Many Homes Lack the Capacity to Charge Future Electric Cars, National Grid Says
The utility company believes public charging stations are the better solution.
Many electric car drivers rely on home charging stations. Plugging in at night often provides enough juice for daily driving, without resorting to public charging stations. But a major multinational utility company believes future electric cars could present a problem for home charging. National Grid, which manages electricity infrastructure in Great Britain and parts of the United States, claims many homeowners in its area of operations can't charge an electric car and make a cup of tea simultaneously without blowing a fuse.
But that warning may not be as dire as it seems. The estimation assumes an electric car with a 90-kilowatt-hour battery pack, something that probably won't become commonplace for a few years. Since it's unlikely that drivers will completely drain the pack in regular use, it's assumed that charging takes place with 25 percent of capacity remaining. To charge the car in a reasonable amount of time, National Grid assumed its hypothetical homeowner would use an 11-kilowatt charger.
That charger would require 48 amps, according to National Grid. Since the average U.K. household has a main fuse that supplies 60 to 80 amps of power, that doesn't leave enough room to charge the car and run another large appliance at the same time, National Grid argues.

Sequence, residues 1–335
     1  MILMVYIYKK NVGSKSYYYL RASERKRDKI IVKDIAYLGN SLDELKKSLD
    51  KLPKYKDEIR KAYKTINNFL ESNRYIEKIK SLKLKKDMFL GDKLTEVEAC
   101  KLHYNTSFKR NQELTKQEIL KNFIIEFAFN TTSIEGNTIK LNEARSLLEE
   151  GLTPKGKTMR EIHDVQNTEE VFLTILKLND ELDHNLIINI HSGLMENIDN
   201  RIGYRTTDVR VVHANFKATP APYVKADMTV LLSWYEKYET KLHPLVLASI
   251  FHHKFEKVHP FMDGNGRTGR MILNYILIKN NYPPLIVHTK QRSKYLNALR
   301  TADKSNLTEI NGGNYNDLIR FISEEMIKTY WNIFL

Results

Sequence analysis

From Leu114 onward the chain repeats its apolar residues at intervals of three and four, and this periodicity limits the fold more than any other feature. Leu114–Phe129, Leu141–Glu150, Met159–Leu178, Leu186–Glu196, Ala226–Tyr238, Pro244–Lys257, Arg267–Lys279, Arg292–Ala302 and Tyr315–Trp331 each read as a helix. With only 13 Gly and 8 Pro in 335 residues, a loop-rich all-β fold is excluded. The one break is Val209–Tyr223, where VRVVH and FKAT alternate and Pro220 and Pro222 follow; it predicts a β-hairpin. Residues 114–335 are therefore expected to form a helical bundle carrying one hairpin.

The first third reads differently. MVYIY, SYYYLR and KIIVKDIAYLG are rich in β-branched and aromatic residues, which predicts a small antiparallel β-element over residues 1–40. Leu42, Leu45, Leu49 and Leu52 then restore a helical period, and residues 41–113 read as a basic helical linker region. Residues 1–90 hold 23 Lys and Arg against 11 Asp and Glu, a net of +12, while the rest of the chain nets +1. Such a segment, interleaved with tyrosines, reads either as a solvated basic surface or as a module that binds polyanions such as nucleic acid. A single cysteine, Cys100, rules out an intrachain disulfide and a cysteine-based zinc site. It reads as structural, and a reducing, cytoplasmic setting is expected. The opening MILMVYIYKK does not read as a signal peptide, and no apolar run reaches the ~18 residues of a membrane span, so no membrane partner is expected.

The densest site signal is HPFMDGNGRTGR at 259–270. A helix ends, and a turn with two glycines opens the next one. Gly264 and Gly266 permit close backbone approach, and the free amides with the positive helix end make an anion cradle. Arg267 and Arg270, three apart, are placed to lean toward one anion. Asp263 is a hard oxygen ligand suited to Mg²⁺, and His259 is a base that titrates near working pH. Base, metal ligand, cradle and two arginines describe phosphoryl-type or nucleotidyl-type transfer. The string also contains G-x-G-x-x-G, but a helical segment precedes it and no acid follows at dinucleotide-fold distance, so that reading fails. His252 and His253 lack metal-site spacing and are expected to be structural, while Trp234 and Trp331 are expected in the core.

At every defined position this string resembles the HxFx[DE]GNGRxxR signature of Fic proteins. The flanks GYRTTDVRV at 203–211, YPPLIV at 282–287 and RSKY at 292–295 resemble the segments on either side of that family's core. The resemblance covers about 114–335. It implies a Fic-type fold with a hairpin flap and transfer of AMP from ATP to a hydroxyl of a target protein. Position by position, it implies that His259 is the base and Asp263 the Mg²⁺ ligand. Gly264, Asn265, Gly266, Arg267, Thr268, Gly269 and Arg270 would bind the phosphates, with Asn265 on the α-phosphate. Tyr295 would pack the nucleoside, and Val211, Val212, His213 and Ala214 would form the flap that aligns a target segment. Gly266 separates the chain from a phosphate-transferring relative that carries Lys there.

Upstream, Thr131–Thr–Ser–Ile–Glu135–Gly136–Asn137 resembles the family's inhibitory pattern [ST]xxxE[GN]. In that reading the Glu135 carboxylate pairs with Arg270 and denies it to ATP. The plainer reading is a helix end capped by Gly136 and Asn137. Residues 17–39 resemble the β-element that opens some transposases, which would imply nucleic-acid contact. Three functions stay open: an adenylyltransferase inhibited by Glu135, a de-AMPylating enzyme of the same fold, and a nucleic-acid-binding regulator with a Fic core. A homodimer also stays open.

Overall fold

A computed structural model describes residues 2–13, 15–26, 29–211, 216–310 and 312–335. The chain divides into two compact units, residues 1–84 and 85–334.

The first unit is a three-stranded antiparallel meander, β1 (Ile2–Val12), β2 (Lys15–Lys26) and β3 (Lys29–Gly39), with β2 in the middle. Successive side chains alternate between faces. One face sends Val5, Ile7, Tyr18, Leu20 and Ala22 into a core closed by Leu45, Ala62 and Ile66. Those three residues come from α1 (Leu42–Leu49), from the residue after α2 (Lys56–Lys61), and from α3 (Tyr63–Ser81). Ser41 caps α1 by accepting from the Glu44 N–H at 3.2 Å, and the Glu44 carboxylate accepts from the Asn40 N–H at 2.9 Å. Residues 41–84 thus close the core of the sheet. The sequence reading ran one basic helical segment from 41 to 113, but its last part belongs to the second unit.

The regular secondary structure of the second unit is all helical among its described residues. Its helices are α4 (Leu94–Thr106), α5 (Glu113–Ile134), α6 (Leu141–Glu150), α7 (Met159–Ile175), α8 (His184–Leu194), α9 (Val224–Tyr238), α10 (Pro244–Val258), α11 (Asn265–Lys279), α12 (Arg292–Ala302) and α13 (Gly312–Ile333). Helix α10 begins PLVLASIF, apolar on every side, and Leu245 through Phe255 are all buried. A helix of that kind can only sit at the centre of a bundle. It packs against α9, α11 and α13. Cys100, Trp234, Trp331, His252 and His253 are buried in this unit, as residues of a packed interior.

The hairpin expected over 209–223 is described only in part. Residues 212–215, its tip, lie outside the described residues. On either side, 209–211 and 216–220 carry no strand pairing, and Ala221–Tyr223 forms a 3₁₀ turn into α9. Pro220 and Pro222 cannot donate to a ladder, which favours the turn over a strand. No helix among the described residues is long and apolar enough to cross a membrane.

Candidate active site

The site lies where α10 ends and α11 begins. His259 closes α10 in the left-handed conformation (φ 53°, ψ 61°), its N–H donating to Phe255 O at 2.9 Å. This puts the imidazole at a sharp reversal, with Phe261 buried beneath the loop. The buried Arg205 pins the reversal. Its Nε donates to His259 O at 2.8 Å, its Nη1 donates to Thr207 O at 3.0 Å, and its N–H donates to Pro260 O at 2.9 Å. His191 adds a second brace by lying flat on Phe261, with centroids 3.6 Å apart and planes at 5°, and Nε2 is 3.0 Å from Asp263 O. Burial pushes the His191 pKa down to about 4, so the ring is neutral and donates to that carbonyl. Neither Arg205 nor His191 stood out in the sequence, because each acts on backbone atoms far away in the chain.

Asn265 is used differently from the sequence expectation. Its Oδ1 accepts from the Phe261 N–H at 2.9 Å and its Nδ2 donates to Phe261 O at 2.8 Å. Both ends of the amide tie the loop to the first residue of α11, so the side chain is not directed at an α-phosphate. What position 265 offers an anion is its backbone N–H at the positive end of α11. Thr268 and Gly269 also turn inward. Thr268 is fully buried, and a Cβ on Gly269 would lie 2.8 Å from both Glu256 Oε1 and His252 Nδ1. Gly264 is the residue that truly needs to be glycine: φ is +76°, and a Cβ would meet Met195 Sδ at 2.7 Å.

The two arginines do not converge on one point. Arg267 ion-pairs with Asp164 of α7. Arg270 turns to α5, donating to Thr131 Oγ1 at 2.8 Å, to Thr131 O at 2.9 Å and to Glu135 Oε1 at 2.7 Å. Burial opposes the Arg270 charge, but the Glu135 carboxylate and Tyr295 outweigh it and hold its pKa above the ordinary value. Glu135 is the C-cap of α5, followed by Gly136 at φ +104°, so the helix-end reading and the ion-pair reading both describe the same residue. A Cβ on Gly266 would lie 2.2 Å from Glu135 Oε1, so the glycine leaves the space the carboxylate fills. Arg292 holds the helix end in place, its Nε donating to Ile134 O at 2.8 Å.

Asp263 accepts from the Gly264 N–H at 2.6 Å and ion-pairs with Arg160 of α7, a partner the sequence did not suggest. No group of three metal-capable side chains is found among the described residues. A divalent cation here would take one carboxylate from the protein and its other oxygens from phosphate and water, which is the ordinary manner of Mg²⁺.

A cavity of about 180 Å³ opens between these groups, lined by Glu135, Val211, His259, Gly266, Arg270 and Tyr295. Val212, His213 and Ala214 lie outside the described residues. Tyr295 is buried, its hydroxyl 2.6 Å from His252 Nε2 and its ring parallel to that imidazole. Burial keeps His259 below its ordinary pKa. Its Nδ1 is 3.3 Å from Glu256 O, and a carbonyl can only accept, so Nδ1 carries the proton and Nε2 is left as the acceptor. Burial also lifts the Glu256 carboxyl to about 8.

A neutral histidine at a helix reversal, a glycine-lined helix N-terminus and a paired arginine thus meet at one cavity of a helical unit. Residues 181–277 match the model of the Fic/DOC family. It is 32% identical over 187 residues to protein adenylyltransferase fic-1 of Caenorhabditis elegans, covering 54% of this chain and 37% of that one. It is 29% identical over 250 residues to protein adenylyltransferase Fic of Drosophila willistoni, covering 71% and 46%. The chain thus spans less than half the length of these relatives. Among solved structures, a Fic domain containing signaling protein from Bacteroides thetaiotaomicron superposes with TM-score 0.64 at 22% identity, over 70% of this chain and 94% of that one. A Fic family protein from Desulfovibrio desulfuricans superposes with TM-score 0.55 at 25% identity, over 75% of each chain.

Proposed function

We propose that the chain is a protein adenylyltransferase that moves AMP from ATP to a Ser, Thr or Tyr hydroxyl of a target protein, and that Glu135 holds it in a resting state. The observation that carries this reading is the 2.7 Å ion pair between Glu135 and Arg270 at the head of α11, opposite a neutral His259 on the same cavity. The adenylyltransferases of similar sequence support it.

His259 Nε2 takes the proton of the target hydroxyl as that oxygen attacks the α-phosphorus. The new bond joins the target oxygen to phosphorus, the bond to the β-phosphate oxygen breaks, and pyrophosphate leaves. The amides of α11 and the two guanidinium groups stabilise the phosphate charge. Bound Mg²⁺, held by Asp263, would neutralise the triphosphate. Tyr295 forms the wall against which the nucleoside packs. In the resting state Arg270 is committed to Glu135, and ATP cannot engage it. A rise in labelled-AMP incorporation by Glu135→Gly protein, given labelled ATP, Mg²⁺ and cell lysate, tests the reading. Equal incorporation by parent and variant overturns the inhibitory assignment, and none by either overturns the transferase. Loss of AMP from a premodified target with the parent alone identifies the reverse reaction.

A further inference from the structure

Running something like a tea kettle or an oven could trip the house's main fuse, National Grid warns. It claims building up a network of public charging stations is a better option than having people continue to rely on home charging, arguing that would require a "large scale rebuild of the domestic electricity infrastructure."
However, that scenario seems to leave out an important detail. Charging at the rates discussed by National Grid requires a dedicated 240-volt power source, which should have its own breaker and therefore not run on the same circuit as other household appliances. (You can plug an electric car into a standard household socket, but it will take much longer to charge.) Anyone planning on buying an electric car should take a look at their household wiring first to make sure it's in good condition, and should consider a 240-volt power source, known as a Level 2 charger. Home charging does require a little extra planning, but it won't force you to choose between an electric car and electric lights.